Putting it all together, 5:1 means losing 5 times for every 1 win, winning 1 time out of 6 attempts, the probability of getting the 1 card is 1/6, .167 or 16.7%. The probability of not getting the card you want is 1 - .167, or .833, or 83.3%. Once you know the probability of getting the card, and the probability of not getting the card, you can put that information into the form of odds. In our example that becomes 83.3:16.7 against getting your card.
You normally reduce odds to the form X:1 to make comparisons easier. To do that, you simply divide both numbers by the number on the right. i.e. in the example 83.3:16.7 you divide 16.7 by 16.7 to get 1, and then divide 83.3 by 16.7 to get 5, giving you 5:1, which is exactly where we started.
Of course if you do the math you will see that I rounded the number off in all cases since numbers like .16666666666 are difficult to work with, and for our purposes, .167, .833 and 5 are plenty accurate enough.
Going back to the weather example from the beginning, there is a 20% chance of rain, which means that there is an 80% chance that it will not rain. Putting these numbers in the form of odds, it is 80:20 against it raining. Simplifying, divide both sides by 20 and you get 4:1 against it raining. You can put this back into the form of a probability by adding the 2 numbers together and then putting the right number on top, i.e. 4 plus 1 is 5, put the 1 from the right side on top of that and you get 1/5. There is one chance in 5 that it will rain. To express the fraction as a decimal number, divide the number on top by the number on the bottom, i.e. 1 divided by 5 and you get .2. To express that as a percentage, multiply by 100 and you get 20% chance of rain. Right back with the number we started with, because they are all ways of saying the same thing.
Why use Both
Stating the situation in the form of odds, as in 5:1 gives us a clearer picture of where we stand than saying we have a 16.7% chance of getting the card. As well, it gives a more complete picture since, for the probability we want to know both that there is a 16.7% chance of getting the card and an 83.3% chance of not getting the card.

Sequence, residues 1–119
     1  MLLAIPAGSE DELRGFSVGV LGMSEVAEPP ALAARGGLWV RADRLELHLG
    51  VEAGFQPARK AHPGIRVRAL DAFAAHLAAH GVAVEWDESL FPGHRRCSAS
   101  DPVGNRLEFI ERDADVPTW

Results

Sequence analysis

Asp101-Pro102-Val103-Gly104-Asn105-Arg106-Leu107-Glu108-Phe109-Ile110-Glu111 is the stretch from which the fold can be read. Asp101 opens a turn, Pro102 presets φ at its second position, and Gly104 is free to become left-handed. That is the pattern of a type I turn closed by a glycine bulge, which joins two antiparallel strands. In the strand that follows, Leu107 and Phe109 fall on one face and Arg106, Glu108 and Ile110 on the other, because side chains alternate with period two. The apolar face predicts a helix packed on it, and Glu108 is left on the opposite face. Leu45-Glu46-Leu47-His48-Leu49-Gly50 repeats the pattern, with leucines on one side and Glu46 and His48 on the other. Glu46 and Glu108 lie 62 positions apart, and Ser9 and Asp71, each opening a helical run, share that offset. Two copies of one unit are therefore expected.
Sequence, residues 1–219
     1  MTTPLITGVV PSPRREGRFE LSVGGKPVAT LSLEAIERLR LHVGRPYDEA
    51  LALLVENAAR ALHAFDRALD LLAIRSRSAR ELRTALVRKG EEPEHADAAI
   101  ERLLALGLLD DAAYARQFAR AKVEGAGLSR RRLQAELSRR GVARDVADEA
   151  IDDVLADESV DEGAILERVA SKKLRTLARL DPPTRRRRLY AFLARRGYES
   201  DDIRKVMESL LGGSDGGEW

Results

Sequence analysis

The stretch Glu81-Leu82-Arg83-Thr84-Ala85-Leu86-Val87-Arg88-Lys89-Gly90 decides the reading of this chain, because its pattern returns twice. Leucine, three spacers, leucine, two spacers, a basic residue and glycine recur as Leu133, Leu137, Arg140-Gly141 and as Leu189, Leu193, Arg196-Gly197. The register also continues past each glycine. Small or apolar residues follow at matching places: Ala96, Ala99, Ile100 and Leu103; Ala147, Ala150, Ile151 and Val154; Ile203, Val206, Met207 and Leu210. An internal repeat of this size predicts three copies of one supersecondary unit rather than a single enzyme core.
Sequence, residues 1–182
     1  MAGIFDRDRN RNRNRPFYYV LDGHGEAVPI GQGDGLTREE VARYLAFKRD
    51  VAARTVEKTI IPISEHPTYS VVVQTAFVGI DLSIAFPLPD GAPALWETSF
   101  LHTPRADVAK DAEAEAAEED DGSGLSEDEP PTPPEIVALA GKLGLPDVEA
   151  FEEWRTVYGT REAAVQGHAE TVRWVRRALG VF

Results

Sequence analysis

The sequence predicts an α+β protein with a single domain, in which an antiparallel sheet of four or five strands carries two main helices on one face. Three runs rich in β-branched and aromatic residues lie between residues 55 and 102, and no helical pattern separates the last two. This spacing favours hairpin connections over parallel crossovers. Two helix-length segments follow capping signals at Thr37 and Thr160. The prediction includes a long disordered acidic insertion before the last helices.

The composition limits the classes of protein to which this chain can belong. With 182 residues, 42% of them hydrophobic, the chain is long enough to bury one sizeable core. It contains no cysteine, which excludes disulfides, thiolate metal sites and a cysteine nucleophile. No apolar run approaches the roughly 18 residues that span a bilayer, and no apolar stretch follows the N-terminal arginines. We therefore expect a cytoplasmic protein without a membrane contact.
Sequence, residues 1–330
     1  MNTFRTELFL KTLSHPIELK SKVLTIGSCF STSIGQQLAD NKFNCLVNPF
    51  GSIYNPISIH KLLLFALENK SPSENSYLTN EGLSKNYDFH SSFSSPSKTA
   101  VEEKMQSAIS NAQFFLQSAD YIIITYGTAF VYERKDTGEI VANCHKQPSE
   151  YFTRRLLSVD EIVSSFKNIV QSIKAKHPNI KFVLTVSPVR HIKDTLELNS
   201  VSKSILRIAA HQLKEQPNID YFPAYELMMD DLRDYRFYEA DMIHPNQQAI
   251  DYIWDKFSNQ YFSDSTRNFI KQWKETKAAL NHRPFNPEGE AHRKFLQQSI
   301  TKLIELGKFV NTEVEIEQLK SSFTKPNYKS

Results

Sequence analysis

Odds can not be used in all situations however. For instance, on the first card you are dealt, the odds of getting an Ace are 12:1, the odds of getting an Ace on the second card, given that you got an Ace on the first, are 16:1. If you want to know the odds of getting a pair of Aces however, you can not calculate them directly from the odds, you must use probabilities.
Using probabilities to do this, there are 4 Aces out of 52 cards, so the probability of getting an Ace on the first card is 4/52 or 1/13. The chances of getting an Ace on the second card are 3 Aces, since we already have 1, in 51 remaining cards, which is 3/51 or 1/17. You can then multiply the 2 probabilities to get the answer.
You can do this in 1 of 2 ways. You can multiply the fractions 4/52 * 3/51, or 1/13 * 1/17, to get 12/2652 or 1/221 and then convert to odds. i.e 2652-12:12, is 2640:12 is 220:1, or 221-1:1 is 220:1.
You can also convert each of the fractions to decimals, 4/52 ~ .077, and 3/51 ~ .059, then multiply .077 * .059 ~ .0045, convert to a percentage by multiplying this number by 100 and there is a .4525% of getting a pair of Aces as your first 2 cards. Since there is a .4525% chance of getting a pair of Aces, there is a 100 - .4525 = 99.5475% chance of not getting a pair of Aces. The odds against getting a pair of Aces on the first 2 cards are 99.5475:.4525, simplifying, we divide both sides by .4525 and we end up with 220:1, the same answer.
Note that when doing a series of operations such as above, you can't round the numbers off until you complete all of the calculations or it will significantly affect your results. I used numbers such as .077 above instead of typing out the entire long decimal number, but I used the actual numbers in the calculations.
Of course, trying to do this math at the table would not be practical, so for many common situations we memorize the odds, or probabilities. For instance, the odds of someone having any 1 specific pair as their first 2 cards are 220:1. i.e. it is 220:1 that they will have KK, 220:1 that they will have QQ etc. In order to make memorizing easier, I will provide tables of many common odds and probabilities in later articles.
As we will see in the next Odds related article, there are a couple of more good reasons to use odds instead of probability. One is that odds are much easier to calculate while sitting at the table. The other is that the odds can be used directly in deciding if we have a good bet or a bad bet.
Contact the author at http://A1-PokerInfo.com